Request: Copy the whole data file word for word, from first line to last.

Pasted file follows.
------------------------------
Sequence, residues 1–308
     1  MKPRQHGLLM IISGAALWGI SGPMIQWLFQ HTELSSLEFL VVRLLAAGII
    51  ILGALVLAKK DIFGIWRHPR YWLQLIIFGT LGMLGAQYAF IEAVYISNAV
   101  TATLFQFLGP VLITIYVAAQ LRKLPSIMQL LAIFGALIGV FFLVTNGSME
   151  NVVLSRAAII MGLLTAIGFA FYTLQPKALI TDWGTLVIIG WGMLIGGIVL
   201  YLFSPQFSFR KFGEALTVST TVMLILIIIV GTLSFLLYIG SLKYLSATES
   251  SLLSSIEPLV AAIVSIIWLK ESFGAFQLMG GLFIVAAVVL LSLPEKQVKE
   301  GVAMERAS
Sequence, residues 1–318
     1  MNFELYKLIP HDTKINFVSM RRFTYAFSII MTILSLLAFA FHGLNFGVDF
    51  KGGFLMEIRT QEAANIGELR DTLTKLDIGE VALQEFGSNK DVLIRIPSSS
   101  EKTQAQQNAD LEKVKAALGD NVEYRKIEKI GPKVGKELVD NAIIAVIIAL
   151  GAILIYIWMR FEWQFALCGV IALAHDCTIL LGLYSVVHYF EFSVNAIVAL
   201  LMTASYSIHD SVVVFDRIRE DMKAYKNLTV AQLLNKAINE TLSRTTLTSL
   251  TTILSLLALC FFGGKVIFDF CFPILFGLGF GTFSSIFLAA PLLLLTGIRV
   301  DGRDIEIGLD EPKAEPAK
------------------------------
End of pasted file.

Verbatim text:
Sequence, residues 1–308
     1  MKPRQHGLLM IISGAALWGI SGPMIQWLFQ HTELSSLEFL VVRLLAAGII
    51  ILGALVLAKK DIFGIWRHPR YWLQLIIFGT LGMLGAQYAF IEAVYISNAV
   101  TATLFQFLGP VLITIYVAAQ LRKLPSIMQL LAIFGALIGV FFLVTNGSME
   151  NVVLSRAAII MGLLTAIGFA FYTLQPKALI TDWGTLVIIG WGMLIGGIVL
   201  YLFSPQFSFR KFGEALTVST TVMLILIIIV GTLSFLLYIG SLKYLSATES
   251  SLLSSIEPLV AAIVSIIWLK ESFGAFQLMG GLFIVAAVVL LSLPEKQVKE
   301  GVAMERAS
Sequence, residues 1–318
     1  MNFELYKLIP HDTKINFVSM RRFTYAFSII MTILSLLAFA FHGLNFGVDF
    51  KGGFLMEIRT QEAANIGELR DTLTKLDIGE VALQEFGSNK DVLIRIPSSS
   101  EKTQAQQNAD LEKVKAALGD NVEYRKIEKI GPKVGKELVD NAIIAVIIAL
   151  GAILIYIWMR FEWQFALCGV IALAHDCTIL LGLYSVVHYF EFSVNAIVAL
   201  LMTASYSIHD SVVVFDRIRE DMKAYKNLTV AQLLNKAINE TLSRTTLTSL
   251  TTILSLLALC FFGGKVIFDF CFPILFGLGF GTFSSIFLAA PLLLLTGIRV
   301  DGRDIEIGLD EPKAEPAK